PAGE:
Dynasty Sports could use M&A to add data capabilities, CEO says

18 October 2019 - 10:44 am UTC

by Joshua Armstrong in Charlottesville, Virginia

Dynasty Sports and Entertainment, a private equity-backed ticketing analytics firm, is hoping to expand its data offerings through organic growth or acquisitions, said founder and CEO Cole Rubin.

 

Targets in the concert, theater or collegiate spaces are attractive, as well as companies that specialize in premium or exclusive content, Rubin noted.

 

“There are interesting opportunities out there that could materialize over the next 12 to 18 months,” he said.

 

Jordan Turkewitz, managing partner of ZMC, which acquired a minority stake in Dynasty in 2018, confirmed that Dynasty is “on the hunt” for technological capabilities and would consider buying companies that provide a function that Dynasty cannot efficiently build on its own.

 

The Boca Raton, Florida-based company started in 2010 as broker in the secondary market for sports tickets, and it used the data from those operations to create an analytics product called Monarch that it licenses to event-hosting companies and sports teams. Competitors in the space include Eventellect.

 

In sports, major-league teams that traditionally use small local ticket brokers are looking for more services that provide broker services and data insights through revenue-sharing partnerships, Turkewitz said. He said there is a lack of companies with a national scope that provide that type of partnership in the live-event and collegiate spaces, he said.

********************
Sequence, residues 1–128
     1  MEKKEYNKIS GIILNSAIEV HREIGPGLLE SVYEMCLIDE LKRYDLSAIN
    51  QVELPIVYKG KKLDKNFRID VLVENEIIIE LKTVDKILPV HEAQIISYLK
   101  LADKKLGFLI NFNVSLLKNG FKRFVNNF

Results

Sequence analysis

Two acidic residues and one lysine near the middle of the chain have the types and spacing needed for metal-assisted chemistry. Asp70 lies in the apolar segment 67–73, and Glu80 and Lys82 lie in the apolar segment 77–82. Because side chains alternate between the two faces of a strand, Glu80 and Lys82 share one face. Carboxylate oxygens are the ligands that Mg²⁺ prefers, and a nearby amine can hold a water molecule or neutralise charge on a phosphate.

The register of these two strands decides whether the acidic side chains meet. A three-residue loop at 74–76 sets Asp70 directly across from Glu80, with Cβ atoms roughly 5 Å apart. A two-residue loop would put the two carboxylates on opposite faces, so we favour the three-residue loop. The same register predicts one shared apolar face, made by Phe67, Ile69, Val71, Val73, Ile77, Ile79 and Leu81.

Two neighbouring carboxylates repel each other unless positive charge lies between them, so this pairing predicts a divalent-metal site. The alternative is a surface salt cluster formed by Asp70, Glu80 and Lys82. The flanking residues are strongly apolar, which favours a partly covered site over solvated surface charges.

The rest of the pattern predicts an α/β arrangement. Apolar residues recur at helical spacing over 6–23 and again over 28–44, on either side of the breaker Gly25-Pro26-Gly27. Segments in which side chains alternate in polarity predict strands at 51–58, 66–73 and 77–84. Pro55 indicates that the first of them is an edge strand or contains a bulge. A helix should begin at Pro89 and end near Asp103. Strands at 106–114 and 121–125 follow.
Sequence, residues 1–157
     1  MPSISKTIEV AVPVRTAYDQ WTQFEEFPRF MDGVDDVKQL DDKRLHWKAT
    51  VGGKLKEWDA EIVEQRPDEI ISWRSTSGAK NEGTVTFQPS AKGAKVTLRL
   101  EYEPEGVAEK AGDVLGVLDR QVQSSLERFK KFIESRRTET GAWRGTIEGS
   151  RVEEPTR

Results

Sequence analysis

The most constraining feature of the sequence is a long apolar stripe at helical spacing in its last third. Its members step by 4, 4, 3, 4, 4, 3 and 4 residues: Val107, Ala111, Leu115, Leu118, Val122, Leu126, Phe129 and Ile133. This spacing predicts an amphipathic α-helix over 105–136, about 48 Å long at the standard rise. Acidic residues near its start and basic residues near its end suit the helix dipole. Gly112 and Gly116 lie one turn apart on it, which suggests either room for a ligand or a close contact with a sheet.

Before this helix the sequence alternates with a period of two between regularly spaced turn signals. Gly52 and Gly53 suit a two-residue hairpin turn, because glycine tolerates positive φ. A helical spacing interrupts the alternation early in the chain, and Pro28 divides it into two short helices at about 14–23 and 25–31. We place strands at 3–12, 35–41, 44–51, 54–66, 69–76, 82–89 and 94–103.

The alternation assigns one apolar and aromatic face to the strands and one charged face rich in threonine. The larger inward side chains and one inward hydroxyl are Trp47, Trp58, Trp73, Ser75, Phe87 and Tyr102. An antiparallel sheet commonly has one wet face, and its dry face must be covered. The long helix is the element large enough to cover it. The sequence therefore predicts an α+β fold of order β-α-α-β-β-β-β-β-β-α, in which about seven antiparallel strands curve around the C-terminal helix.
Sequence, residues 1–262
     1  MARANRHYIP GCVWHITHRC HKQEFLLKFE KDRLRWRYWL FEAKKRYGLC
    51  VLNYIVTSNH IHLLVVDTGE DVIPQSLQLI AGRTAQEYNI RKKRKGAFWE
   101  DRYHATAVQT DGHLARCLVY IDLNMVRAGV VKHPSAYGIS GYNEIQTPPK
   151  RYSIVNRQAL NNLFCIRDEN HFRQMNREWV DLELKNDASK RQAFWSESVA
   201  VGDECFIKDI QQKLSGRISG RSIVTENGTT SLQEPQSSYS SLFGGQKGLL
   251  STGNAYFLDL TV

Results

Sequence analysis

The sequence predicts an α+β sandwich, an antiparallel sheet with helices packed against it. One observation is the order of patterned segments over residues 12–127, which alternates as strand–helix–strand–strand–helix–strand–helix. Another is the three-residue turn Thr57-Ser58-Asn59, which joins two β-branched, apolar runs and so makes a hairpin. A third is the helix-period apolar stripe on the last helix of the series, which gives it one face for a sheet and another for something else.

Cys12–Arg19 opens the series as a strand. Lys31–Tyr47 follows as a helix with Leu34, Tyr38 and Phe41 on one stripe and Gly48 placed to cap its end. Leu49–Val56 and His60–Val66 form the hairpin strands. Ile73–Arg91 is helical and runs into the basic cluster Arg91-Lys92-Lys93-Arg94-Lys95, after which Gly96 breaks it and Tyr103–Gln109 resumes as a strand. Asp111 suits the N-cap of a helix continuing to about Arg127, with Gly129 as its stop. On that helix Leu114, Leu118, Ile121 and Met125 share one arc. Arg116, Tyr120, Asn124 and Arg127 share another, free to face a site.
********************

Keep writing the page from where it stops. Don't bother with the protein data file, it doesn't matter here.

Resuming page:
Eventually, Dynasty would like to license its product in a software-as-a-service model, allowing rights holders to adapt the service to their needs more easily.

 

After ZMC invested in March 2018, Dynasty purchased distribution inventory and aggregation company Auto Processor. This past August, Dynasty acquired Orange, California-based The Ticket Group, which also provides data and analytics on ticket sales.

 

Because it is seeking bolt-ons for a product, there are no targets too small for Dynasty to consider. On the large end, ZMC would be willing to invest further to fund an acquisition that adds a function customers have requested or that differentiates Dynasty further, Turkewitz said.

 

“The door’s open to try to find something game-chanJuging,” the investor said.

 

Within several years, the company hopes to expand internationally, with Europe being an ideal location, Rubin said. Dynasty would look for markets where robust secondary-market services already exist and where regulations on ticket transfers don’t restrict the flow of that market, Turkewitz said.


Though the company has limited exposure outside the US now, its US partners could bring the product internationally. For example, one current client is Anschutz Entertainment Group (AEG), which could use Dynasty’s services for events at Mercedes-Benz Arena in Shanghai, the CEO said.


The company hears frequently from strategics and other private equity suitors, Turkewitz said. He has heard from potential buyers seeking to invest in entertainment, sports and broader SaaS plays, he added.


In September, AEG bought 100% of ticketing and data company AXS after eight years of holding a minority stake. Also this year, marketing and ticket platform ticktBox Enterprises sold to media research firm Screen Engine/ASI, and ticketing logistics company Vendini was sold by private equity firm Level Equity to Canadian live-entertainment ecommerce firm AudienceView.


Rubin, a co-founder, is the majority owner of Dynasty, and ZMC is the only other owner, they said.

 

Rubin declined to disclose financials. Dynasty has overseen more than USD 3bn in transaction volume to date and has more than 120 employees, the CEO said.